How Do I Protect My Home From Creditors?

How Do I Protect My Home From Creditors?

“How do I protect my home from creditors?” This is a very common question that clients come in with. Whether it’s about estate planning, asset protection, business planning, or bankruptcy, there are a lot of different areas where this issue comes up. 

Common advice

People worry about their house. Maybe they have significant equity or it’s just a personal thing to them. They don’t want to have to move. So, what can they do to protect it? It’s pretty common advice out there to create an LLC, a limited liability company, and then take the real estate and put it into the LLC. 

Now, the LLC owns the real estate. The LLC is technically the owner on title of the real estate. If somebody slipped and fell at the house or there was some kind of obligation related to the house, then whoever’s going to get sued is going to be the LLC. And they can only go after the LLC’s assets, which is that house. 

When it doesn’t work

Now, this doesn’t necessarily work for someone’s primary residence. And there are a number of reasons why. People often say, “Hey I’m buying a rental property. Put it in an LLC.” Yep, that’s probably a good idea. “Hey, what about my house? I want to protect my house too. Shouldn’t I just put that in an LLC and that’s asset protection for my home?” 

 

Tax benefits

It doesn’t necessarily work that way because there are a number of problems when it comes to the primary residence, and most of them revolve around taxes. With your primary residence, you have a lot of things that help you from a tax perspective: capital gains, tax exclusions, deductibility of mortgage interest and taxes for real property.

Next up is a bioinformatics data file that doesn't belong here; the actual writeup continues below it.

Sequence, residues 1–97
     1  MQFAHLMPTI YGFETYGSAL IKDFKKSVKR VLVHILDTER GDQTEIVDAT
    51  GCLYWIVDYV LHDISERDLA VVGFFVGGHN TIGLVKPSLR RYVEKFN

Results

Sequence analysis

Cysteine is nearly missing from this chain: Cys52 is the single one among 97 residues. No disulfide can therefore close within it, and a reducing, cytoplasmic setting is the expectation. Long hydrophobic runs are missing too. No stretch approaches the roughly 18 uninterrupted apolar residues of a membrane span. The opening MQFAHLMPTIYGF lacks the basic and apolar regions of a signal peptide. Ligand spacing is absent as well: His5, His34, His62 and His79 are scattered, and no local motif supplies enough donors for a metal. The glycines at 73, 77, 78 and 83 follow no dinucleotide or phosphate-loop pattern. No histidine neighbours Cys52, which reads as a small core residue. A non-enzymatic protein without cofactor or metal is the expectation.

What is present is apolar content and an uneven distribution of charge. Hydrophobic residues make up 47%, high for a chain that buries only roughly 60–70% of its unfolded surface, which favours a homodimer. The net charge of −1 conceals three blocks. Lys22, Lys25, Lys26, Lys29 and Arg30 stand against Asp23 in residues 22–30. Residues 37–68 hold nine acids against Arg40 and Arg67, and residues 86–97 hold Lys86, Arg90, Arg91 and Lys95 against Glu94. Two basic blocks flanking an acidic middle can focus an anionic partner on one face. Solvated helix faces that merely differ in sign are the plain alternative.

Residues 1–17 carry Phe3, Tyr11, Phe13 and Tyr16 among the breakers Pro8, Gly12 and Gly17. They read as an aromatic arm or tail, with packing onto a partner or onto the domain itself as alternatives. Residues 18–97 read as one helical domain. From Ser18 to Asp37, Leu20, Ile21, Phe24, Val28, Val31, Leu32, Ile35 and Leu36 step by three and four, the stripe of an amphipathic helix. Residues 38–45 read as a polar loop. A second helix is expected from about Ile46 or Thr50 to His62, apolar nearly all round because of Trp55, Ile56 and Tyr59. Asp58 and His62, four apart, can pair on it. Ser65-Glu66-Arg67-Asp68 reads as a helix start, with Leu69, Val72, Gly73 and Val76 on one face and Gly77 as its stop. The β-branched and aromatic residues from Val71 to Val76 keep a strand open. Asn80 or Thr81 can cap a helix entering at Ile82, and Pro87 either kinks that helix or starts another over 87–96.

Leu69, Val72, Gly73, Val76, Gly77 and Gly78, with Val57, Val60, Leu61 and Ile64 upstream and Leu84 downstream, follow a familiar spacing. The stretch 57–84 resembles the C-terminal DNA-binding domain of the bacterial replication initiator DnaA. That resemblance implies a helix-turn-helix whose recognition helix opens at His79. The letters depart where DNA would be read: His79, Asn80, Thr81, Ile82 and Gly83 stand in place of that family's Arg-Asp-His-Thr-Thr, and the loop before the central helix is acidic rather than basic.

There are a number of reasons for tax purposes that you have a home, and it gives you some benefits. Most of those are lost as soon as you put it into an LLC because you no longer personally own the real property. And you personally were the one that got those tax benefits when it was your primary residence. Yet an LLC does not have a primary residence. So you lose most of your tax benefits when you put it into an LLC.

What about specialized trusts?

The same goes for an asset protection trust. In most cases, there are specialized trusts — and I’m not going to get into that right now — where you potentially can still keep your tax benefits, but you put it into an irrevocable trust for asset protection purposes. However, that’s very specialized and it doesn’t work all the time. So, I’m not really going to get into that too much right now. 

Generally, when it comes to your home, you also have a homestead exemption that you can apply, and it depends on your state how much it is. And that’s one of the ways that you can protect your home. 

If you put it in a family trust, a revocable trust, like a living trust, that’s fine. But if you put it into an LLC or an asset protection trust, i.e., an irrevocable trust, you lose your tax benefits, and that’s not a good idea.

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